Tag Archives: diplomatic immunity

Issues of Immunity: India v. USA

On 12 December 2013, Federal authorities in New York City arrested Mrs. Devuani Khobragade – an Indian consular official – on charges of visa fraud and making false statements. The charges arise out of allegations that Mrs. Khobragade paid her house keeper less than minimum wage after pledging to do so in the housekeeper’s visa application. Such declarations are required to obtain visas for domestic workers to enter the United States.

Immediately after the arrest, Mrs. Khobragade claimed she was not subject to trial because, as a diplomat, she should benefit from personal immunity. Then, following these statements, she was transferred from the Indian consular mission in New York City to the United Nations diplomatic mission. The United States claims any such transfer will not effect the criminal trial. This post will analyze both of these claims: (1) if Mrs. Khobragade is entitled to immunity as a consular official and (2) if her transfer to the United Nations mission would prevent her trial.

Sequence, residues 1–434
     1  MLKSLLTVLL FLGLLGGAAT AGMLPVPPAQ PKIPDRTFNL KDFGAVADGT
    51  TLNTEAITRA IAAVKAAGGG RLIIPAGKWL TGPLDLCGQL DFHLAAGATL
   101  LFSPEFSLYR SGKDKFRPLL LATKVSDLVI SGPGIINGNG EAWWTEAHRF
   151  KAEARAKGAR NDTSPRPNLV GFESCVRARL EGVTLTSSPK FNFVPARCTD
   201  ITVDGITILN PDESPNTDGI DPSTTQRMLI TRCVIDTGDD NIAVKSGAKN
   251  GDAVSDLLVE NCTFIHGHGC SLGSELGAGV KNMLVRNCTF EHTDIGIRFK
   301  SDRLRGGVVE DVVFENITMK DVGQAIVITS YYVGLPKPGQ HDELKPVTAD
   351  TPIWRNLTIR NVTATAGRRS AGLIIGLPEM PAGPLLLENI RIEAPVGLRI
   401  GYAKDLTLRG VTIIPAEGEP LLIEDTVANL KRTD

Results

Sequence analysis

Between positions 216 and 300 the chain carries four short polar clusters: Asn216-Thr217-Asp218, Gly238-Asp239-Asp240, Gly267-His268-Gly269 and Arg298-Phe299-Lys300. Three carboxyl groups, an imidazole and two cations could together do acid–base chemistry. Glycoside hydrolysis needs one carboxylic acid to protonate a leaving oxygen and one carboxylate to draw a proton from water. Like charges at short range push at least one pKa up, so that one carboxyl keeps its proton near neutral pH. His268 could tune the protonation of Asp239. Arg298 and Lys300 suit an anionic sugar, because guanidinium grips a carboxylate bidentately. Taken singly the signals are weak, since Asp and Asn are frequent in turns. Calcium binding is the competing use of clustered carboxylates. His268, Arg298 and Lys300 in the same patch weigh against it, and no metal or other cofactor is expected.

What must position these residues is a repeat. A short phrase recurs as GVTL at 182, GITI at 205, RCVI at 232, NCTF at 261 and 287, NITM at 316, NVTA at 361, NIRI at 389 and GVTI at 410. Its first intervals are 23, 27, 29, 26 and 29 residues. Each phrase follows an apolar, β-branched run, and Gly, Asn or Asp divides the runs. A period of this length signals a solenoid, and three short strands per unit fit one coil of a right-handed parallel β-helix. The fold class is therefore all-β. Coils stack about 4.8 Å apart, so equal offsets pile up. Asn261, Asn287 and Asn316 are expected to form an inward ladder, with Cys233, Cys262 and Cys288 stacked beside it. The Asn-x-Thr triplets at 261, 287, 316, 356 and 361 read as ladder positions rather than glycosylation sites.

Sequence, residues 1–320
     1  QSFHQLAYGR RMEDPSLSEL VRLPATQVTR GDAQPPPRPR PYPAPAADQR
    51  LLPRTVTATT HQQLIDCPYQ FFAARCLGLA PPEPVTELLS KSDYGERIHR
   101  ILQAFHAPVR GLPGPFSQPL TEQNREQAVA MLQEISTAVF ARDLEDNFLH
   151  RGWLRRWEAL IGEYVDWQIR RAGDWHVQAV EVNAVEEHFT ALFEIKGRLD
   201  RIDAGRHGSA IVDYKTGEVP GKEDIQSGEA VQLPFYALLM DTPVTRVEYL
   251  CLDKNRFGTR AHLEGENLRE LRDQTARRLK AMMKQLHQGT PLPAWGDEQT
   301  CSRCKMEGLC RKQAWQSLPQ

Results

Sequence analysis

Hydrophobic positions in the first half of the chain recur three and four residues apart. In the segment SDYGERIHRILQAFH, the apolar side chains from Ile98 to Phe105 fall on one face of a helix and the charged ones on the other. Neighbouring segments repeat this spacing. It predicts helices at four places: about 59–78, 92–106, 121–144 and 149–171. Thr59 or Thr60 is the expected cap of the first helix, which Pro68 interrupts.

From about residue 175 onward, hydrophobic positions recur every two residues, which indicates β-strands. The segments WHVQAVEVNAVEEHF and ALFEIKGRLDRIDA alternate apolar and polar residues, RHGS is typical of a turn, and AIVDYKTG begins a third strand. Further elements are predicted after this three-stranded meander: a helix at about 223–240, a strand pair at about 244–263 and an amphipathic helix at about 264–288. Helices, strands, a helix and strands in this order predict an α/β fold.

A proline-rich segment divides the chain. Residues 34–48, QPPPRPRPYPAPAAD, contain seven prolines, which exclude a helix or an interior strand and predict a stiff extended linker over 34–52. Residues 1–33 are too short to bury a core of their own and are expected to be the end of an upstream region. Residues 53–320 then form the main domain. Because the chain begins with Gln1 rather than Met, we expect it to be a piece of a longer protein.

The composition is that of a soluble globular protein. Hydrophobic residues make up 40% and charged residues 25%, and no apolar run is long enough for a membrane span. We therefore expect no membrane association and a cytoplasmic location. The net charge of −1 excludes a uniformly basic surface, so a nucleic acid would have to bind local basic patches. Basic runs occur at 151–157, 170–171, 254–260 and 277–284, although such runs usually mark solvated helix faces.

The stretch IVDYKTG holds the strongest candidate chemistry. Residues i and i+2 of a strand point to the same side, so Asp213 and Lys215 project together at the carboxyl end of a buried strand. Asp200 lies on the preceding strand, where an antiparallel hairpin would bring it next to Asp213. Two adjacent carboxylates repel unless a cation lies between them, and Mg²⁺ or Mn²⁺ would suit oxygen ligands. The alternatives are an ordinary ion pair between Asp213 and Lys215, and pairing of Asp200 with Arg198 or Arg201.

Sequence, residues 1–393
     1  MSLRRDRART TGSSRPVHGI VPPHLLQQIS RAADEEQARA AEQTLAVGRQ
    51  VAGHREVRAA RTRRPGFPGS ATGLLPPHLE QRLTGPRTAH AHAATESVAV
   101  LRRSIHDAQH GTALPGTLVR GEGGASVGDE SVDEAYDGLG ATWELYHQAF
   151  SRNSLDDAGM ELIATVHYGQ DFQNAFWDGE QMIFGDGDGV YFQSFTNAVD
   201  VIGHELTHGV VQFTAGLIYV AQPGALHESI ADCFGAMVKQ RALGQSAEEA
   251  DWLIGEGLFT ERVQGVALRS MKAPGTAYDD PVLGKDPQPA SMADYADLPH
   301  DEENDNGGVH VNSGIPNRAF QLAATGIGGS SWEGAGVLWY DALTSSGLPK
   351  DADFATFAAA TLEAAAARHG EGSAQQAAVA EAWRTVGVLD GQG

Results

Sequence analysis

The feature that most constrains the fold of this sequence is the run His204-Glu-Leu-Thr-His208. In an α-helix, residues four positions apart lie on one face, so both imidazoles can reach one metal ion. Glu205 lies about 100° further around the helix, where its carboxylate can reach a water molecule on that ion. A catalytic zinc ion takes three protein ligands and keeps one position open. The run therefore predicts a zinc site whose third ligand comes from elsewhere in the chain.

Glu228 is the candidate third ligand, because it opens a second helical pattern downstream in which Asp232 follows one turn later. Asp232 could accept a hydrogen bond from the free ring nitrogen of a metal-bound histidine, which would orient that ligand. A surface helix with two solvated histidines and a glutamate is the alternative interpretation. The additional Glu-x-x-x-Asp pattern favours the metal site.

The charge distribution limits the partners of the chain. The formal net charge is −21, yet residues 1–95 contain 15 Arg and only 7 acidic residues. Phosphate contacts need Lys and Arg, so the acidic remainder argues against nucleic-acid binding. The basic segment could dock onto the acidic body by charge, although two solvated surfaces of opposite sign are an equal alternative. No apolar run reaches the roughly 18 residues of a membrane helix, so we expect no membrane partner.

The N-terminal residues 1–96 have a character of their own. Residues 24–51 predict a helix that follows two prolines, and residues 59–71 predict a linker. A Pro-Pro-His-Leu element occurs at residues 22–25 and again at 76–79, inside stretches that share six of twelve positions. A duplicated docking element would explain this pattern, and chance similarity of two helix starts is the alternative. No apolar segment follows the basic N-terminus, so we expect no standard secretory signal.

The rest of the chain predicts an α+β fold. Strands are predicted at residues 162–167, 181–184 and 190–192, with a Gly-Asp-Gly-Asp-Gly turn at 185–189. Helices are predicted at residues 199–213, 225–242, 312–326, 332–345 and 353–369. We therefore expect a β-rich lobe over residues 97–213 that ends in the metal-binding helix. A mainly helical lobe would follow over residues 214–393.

Consular Immunity

Article 43 of the Vienna Convention on Consular Relations of 1963 provides that,

Consular officers and consular employees shall not be amenable to the jurisdiction of the judicial or administrative authorities of the receiving State in respect of acts performed in the exercise of consular functions.

This provision provides for “functional immunity,” or, in other words, immunity from suit based on official acts. Visa applications and the employment of a domestic are not and should not e considered “official” acts. Their only connection to the work of the mission is that they allow the consular agent more time to work, as they will not need to tend to housework. However, if this were to an official at, all acts by the consular agent could be “official” in that they allow the agent to go about their day. Such total immunity from jurisdiction for the individual agent is better conceived of as “personal immunity” and is not established anywhere in the Vienna Convention on Consular Relations. In fact, it is implicitly excluded.

Article 41(3) of the convention reads in pertinent part,

If criminal proceedings are instituted against a consular officer, he must appear before the competent authorities.